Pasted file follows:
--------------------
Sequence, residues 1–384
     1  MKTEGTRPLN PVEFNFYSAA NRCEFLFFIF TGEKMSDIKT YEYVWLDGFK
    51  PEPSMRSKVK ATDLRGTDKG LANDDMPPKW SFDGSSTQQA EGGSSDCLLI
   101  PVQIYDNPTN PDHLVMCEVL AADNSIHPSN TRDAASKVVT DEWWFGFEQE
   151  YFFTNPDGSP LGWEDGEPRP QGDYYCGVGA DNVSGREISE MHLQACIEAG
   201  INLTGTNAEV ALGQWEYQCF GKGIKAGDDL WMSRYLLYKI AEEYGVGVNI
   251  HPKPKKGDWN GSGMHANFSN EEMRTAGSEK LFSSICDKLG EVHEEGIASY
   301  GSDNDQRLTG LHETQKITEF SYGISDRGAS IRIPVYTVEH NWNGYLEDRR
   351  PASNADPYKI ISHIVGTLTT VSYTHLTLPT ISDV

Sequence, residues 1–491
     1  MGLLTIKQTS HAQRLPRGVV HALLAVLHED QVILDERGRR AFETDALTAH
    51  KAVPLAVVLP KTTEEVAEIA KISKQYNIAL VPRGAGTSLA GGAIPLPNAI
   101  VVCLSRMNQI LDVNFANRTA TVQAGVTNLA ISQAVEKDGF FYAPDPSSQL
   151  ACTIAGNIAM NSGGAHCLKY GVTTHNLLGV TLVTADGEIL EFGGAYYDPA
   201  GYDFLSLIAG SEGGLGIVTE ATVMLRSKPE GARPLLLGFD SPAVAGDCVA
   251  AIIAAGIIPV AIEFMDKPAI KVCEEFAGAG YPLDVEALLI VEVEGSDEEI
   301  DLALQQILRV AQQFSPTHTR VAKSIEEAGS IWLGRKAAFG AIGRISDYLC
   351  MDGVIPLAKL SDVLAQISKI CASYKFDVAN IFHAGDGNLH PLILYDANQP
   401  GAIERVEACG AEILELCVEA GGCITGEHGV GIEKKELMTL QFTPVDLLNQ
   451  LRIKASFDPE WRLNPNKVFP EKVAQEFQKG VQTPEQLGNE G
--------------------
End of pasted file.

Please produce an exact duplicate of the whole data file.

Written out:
Sequence, residues 1–384
     1  MKTEGTRPLN PVEFNFYSAA NRCEFLFFIF TGEKMSDIKT YEYVWLDGFK
    51  PEPSMRSKVK ATDLRGTDKG LANDDMPPKW SFDGSSTQQA EGGSSDCLLI
   101  PVQIYDNPTN PDHLVMCEVL AADNSIHPSN TRDAASKVVT DEWWFGFEQE
   151  YFFTNPDGSP LGWEDGEPRP QGDYYCGVGA DNVSGREISE MHLQACIEAG
   201  INLTGTNAEV ALGQWEYQCF GKGIKAGDDL WMSRYLLYKI AEEYGVGVNI
   251  HPKPKKGDWN GSGMHANFSN EEMRTAGSEK LFSSICDKLG EVHEEGIASY
   301  GSDNDQRLTG LHETQKITEF SYGISDRGAS IRIPVYTVEH NWNGYLEDRR
   351  PASNADPYKI ISHIVGTLTT VSYTHLTLPT ISDV

Sequence, residues 1–491
     1  MGLLTIKQTS HAQRLPRGVV HALLAVLHED QVILDERGRR AFETDALTAH
    51  KAVPLAVVLP KTTEEVAEIA KISKQYNIAL VPRGAGTSLA GGAIPLPNAI
   101  VVCLSRMNQI LDVNFANRTA TVQAGVTNLA ISQAVEKDGF FYAPDPSSQL
   151  ACTIAGNIAM NSGGAHCLKY GVTTHNLLGV TLVTADGEIL EFGGAYYDPA
   201  GYDFLSLIAG SEGGLGIVTE ATVMLRSKPE GARPLLLGFD SPAVAGDCVA
   251  AIIAAGIIPV AIEFMDKPAI KVCEEFAGAG YPLDVEALLI VEVEGSDEEI
   301  DLALQQILRV AQQFSPTHTR VAKSIEEAGS IWLGRKAAFG AIGRISDYLC
   351  MDGVIPLAKL SDVLAQISKI CASYKFDVAN IFHAGDGNLH PLILYDANQP
   401  GAIERVEACG AEILELCVEA GGCITGEHGV GIEKKELMTL QFTPVDLLNQ
   451  LRIKASFDPE WRLNPNKVFP EKVAQEFQKG VQTPEQLGNE G